Mercy, Hope and Patience

My aunt had a saying, it was “I want patience and I want it now!” You gotta love it. We live in culture that breeds impatience. In fact, I missed the sermon Sunday morning at HSBC ( and guess what I missed… a sermon on patience! No problem, I thought, I’ll be a real 21st century student of the Bible and listen to it on the podcast. I got up on Monday, went to the library (you know, I really was trying), sat down with the Hoover Library wi-fi and guess what, the podcast wasn’t in yet… therefore, even in the point and click world sometimes it just isn’t fast enough (right Ebay bidders)? I was disappointed because surely God wanted me to listen to some wisdom on patience. Or maybe He just wants me to dig a little deeper?

So, I go back to the basics. Paper. Digging through paper, no invisible lines or connections, just the basic pulp stuff that seems to overrun my house. I found what I was looking for which is no small miracle.

I participated in a study on the Fruit of the Spirit and learned that the patience noted in the familiar Galations verse is of the mercy kind. Makrothumia: patience with people, inspired by mercy. The other kind is called hupomone which is biblical perserverance or endurance, which gives us the word hope.

Now, I will attempt to explain from my bible study text why the makrothumia is the fruit of spirit kind of patience. When it comes to prioritizing between circumstances and people you agree that God will choose people, right? That fruit of the spirit kind of maturity comes from dealing with people… not your circumstances. Why? Because God demonstrates this kind of mercy with us on a regular basis. He values my growth and character as a person far above the convenience of my circumstances. Basically, responding with patience to circumstances is far easier than with people. We need to respond with hupomone when some circumstances are trying us; we need makrothumia when someONE is trying us.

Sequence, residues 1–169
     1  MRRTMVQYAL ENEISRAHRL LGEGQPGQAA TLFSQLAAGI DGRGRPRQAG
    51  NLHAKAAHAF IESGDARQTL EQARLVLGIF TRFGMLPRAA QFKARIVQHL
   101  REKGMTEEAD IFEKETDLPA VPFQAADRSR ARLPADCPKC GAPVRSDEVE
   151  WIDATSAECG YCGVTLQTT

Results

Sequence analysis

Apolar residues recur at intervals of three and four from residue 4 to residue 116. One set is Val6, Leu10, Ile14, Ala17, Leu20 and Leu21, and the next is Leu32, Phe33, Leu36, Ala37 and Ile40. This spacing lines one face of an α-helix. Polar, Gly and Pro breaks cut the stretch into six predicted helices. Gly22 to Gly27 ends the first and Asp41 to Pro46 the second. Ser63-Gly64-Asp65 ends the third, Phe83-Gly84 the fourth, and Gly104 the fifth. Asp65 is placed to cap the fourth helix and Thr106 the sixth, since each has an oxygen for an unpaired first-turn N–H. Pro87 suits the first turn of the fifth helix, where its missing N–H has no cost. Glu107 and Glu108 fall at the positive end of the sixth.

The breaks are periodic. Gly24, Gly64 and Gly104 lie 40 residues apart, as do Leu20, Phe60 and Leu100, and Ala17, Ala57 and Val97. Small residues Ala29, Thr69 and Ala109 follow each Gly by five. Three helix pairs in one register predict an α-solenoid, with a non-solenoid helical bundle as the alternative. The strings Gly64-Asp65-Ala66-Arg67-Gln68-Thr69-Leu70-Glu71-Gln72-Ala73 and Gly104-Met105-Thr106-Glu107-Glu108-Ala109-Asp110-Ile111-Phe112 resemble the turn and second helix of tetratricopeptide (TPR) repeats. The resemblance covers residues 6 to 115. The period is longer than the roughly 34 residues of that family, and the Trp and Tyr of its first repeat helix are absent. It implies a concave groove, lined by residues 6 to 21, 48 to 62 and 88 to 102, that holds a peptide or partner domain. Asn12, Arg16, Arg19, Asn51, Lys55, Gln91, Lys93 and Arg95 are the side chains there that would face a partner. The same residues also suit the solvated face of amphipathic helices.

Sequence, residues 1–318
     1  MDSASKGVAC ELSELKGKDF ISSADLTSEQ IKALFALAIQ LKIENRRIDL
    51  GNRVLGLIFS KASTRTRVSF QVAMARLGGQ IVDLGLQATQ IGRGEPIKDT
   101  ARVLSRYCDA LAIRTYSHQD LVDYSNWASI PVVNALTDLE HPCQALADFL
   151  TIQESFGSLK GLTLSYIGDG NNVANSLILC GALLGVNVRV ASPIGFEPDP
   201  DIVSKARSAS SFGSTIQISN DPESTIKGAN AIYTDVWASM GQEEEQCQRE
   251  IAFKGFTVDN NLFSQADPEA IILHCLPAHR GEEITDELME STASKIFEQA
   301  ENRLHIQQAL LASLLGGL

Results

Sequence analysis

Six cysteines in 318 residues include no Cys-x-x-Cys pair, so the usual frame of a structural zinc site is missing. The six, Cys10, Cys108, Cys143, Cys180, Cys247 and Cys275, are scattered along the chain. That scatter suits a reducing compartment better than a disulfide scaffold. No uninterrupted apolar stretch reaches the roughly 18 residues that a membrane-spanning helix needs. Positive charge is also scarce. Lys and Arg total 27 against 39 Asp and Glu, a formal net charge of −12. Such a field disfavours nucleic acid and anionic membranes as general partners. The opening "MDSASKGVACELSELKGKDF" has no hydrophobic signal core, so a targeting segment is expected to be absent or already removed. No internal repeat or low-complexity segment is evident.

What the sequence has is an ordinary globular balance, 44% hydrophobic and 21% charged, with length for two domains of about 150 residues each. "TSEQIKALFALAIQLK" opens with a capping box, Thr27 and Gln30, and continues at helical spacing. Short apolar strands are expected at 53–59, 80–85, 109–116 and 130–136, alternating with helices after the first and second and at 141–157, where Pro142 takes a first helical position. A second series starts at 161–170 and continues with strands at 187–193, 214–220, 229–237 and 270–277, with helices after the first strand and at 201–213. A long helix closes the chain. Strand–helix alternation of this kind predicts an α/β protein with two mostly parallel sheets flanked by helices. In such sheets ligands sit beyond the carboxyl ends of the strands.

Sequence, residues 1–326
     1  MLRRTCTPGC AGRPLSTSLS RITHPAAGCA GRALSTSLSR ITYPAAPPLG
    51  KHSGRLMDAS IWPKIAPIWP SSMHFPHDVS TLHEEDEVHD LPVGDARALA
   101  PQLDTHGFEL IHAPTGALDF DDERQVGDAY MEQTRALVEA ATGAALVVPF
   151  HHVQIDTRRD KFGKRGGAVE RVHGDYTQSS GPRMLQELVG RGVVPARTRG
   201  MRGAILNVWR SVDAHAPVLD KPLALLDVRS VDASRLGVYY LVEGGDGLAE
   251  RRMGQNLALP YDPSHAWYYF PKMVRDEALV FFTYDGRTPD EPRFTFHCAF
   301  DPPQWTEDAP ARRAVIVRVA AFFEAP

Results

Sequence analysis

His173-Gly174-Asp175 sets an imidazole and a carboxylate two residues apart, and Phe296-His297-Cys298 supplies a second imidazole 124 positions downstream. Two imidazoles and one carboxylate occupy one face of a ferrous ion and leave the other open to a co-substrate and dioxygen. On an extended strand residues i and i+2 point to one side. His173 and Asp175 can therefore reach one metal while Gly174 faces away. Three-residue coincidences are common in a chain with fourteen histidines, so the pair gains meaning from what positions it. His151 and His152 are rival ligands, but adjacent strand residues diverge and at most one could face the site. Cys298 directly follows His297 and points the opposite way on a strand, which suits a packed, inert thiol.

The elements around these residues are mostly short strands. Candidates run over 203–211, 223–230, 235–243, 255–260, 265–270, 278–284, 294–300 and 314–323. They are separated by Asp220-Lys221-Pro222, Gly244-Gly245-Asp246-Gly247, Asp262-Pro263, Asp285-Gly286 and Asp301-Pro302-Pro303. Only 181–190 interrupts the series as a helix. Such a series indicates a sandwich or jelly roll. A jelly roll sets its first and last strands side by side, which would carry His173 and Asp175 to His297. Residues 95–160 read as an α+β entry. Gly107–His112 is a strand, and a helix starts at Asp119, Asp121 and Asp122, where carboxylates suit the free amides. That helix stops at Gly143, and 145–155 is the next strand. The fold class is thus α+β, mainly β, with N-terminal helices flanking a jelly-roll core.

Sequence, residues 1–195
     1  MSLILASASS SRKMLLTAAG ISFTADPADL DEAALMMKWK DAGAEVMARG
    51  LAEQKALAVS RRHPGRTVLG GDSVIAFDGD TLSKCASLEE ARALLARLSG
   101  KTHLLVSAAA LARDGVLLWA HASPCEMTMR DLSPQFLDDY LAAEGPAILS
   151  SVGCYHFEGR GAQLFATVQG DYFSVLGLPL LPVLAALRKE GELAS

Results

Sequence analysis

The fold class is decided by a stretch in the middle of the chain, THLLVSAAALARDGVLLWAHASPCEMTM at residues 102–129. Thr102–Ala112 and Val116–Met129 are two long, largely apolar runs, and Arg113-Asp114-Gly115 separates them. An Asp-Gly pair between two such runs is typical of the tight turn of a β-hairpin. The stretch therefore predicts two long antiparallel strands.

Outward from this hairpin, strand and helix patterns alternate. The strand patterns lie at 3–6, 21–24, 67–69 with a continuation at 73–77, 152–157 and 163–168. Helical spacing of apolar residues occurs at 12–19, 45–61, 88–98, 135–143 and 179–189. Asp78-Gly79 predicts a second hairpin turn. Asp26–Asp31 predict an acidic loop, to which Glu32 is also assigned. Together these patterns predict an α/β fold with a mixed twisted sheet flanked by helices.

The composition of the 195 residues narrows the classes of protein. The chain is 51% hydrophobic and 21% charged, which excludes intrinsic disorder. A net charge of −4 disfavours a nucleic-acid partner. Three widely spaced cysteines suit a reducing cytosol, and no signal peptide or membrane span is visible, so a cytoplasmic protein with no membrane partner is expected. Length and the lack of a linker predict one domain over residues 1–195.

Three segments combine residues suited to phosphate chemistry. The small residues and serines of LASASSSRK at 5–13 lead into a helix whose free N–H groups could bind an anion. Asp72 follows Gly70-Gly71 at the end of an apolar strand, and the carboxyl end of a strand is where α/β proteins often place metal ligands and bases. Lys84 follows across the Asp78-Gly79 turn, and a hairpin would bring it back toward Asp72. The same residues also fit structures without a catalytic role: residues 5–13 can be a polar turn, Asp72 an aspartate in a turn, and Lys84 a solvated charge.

The bible is full of hope, which qualifies it as something for which to pray. I actively ask God for endurance and perserverance which I am privileged to tell you He delivers. He’s always on time with an added dose of hope which inspires perserverance.

As for this mercy thing, I’m struggling. But when I think of the kind of mercy he has shown me I am reminded that what He is asking of me is certainly nothing that He hasn’t already asked of Himself. So, I conclude by telling you that if I have ever demonstrated patience with you it is of the supernatural kind. Which is really what the fruit of the spirit is all about… a supernatural ability to be different in the same situation. To God be the glory, great things he hath done!

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